Dr. Henry R. Savage: CO2 fixation
There has been a recent deluge of columns from The New York Times on climate change. I wonder if Congress is preparing to make a push for legislation.
Thomas Friedman, among others, seems to have fallen prey to the delusion that highly successful columnists can pontificate on any and all subjects. He has adopted the cause of climate change mitigation and no doubt his concerns are genuine. He also has adopted the conclusion that CO2 is the evil culprit in the climate change battle. I think he has been misled.
He cannot choose what to believe because he is not versed in the science. He only can choose who to believe, and the popular literature is devoid of the intellectual integrity that demands careful examination of all arguments and counter-arguments. The science literature is not all reliable, either, as we have seen. Peer review is not what it appears to be in all cases.
At one point in his latest column, he incredulously asks what scientists would want from a carefully constructed hoax on global warming? The answer is simple and painful for those of us in the science community. It is money. In the U.S., grant monies are about $5 billion per year, and much more is up for grabs worldwide. There also is the appeal of potential legacy, reputation and access to government. Most scientists are honest and rightly motivated, but some, aided by a complicit press, have participated in the intellectually corrupt, if not fraudulent, movement to alarm the public on climate change. For others in this camp is it just a case of group-think, I’m afraid.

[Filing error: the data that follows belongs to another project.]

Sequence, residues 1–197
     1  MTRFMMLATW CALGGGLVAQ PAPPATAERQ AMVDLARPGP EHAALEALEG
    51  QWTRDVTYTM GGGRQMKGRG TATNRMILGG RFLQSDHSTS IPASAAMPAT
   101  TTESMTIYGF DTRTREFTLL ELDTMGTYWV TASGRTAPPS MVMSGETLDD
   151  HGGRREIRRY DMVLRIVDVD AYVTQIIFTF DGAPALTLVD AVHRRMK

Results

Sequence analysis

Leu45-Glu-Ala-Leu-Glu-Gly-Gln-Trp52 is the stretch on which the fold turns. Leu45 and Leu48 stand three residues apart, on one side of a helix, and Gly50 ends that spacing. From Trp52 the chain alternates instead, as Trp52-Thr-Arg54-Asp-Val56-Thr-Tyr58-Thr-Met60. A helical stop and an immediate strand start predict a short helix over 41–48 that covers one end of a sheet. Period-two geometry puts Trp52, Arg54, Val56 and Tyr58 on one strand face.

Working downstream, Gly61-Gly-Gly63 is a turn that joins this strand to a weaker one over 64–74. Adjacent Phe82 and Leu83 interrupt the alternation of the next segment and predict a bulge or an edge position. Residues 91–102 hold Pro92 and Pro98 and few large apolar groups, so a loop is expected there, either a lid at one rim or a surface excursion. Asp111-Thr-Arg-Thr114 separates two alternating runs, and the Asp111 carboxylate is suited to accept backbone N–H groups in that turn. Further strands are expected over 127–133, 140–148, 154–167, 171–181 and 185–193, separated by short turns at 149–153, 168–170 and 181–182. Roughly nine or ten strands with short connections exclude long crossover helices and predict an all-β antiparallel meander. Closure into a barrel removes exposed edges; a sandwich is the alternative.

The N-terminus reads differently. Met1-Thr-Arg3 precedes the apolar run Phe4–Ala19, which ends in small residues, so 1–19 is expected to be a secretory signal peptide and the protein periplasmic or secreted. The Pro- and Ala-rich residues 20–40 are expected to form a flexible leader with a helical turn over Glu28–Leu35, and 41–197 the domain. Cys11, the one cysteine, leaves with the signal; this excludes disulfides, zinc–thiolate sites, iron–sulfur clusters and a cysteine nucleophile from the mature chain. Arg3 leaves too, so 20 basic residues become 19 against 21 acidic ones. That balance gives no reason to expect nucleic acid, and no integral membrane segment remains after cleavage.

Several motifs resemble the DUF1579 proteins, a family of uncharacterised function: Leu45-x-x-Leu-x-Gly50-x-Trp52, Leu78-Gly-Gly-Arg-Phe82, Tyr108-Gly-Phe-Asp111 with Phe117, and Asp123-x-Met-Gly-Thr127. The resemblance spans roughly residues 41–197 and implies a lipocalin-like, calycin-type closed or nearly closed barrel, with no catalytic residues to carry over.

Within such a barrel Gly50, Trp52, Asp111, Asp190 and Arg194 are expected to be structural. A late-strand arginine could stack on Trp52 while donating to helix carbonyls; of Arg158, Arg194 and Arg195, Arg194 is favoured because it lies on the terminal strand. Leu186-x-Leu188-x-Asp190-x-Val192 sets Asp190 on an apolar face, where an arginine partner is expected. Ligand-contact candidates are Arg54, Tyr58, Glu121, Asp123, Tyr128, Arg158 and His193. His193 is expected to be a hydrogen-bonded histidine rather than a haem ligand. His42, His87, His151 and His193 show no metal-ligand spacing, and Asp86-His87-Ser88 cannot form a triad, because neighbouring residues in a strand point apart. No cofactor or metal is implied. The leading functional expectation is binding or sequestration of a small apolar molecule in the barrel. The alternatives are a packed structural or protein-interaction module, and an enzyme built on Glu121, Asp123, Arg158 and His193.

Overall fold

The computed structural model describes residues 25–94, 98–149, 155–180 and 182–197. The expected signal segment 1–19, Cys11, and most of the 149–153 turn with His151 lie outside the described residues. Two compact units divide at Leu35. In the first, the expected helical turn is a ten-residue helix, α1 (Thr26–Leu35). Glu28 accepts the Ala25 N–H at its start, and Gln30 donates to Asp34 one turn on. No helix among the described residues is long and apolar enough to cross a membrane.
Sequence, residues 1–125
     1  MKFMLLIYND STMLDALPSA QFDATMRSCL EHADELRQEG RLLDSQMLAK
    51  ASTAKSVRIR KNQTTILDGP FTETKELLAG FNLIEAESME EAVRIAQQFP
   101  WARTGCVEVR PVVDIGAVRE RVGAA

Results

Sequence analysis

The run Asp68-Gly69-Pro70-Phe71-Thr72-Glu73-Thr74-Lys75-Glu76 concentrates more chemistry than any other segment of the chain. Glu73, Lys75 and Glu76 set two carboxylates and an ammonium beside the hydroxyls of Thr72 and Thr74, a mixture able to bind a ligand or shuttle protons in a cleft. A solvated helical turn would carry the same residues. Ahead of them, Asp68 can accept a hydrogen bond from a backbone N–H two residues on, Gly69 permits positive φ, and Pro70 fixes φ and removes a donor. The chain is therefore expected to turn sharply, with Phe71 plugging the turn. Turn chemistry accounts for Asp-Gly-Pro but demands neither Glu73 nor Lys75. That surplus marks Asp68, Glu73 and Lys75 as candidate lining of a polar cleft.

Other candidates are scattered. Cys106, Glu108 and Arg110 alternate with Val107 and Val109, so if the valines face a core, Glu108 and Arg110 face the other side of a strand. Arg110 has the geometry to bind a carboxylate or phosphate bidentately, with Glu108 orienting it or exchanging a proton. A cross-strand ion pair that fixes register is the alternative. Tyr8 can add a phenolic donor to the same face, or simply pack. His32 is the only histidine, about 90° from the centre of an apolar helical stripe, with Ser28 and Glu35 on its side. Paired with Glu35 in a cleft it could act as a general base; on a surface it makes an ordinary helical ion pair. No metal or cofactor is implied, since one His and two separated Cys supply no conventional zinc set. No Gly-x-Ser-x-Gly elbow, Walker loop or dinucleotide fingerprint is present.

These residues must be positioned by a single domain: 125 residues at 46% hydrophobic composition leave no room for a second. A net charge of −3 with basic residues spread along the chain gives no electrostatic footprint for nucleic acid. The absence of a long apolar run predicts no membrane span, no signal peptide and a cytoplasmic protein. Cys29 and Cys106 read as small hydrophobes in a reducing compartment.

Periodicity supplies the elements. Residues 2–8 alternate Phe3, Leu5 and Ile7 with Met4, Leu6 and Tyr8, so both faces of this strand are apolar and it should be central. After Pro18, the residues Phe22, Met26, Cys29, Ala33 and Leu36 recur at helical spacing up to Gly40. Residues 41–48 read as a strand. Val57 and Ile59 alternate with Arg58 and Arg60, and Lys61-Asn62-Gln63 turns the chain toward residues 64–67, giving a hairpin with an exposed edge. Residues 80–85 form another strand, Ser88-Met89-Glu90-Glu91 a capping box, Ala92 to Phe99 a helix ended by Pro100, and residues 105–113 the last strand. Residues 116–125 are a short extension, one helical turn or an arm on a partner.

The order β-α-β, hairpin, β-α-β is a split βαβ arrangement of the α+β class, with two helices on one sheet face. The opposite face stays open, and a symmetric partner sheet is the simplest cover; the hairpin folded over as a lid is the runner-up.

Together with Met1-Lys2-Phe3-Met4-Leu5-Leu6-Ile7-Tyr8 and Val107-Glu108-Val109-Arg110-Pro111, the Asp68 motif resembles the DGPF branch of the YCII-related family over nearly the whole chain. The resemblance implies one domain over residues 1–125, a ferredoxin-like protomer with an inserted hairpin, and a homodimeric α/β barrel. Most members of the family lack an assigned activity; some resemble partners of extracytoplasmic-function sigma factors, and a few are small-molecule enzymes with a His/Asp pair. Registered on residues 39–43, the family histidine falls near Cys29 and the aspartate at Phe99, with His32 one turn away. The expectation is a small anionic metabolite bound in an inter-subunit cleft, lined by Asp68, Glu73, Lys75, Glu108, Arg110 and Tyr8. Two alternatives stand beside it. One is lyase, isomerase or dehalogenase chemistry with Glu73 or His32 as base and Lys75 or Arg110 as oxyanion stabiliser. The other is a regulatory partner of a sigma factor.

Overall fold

It is becoming ever clearer that CO2 is not a significant problem. It probably is trivial in its effect even though it is a greenhouse gas. “Global circulation models” are required to make a case for CO2. The models preordain this effect by including powerful feedback loops that add large amounts of H2O to the atmosphere for small CO2 additions. The models are not validated in this regard — in fact, far from it. Water is the major greenhouse gas by a large margin. This is well understood.
We also know from the raw data that CO2 and global average temperature often go in opposite directions for many years at a time. Recent paleo-climate data from ice cores that resolve the timelines better show that CO2 increases in the atmosphere followed temperature increases rather than the reverse sequence. The delay in CO2 rise is about 800 years, probably because of release from the oceans, etc.
The best policy approach, in my view, is to study and respond to threats by taking nondraconian measures and simultaneously developing adaptation strategies.
At this point, I do not think we have any significant control of the climate. We know there potentially are major effects that are not yet well understood. Such things as the ocean circulations, solar radiation intensity and clouds are examples. Each of these appears to have the power to mask affects of CO2. CO2 reductions of the scale proposed will do major damage to the economy of the U.S. and put us at a great competitive disadvantage in the world.
China is a concern. Friedman mentions China in his column. I find it hard to believe China and India will not use their inexpensive, indigenous resources (coal) to advance in the world. China is doing just that with about three new coal power plants coming on stream every week.
We have all the energy we ever will need in the U.S. Most of the world’s hydrocarbons are in North America. They can be used with sound technologies to protect the environment. Wind, solar and nuclear also will help.
We need to get away from the fixation of CO2.
Dr. Henry R. Savage
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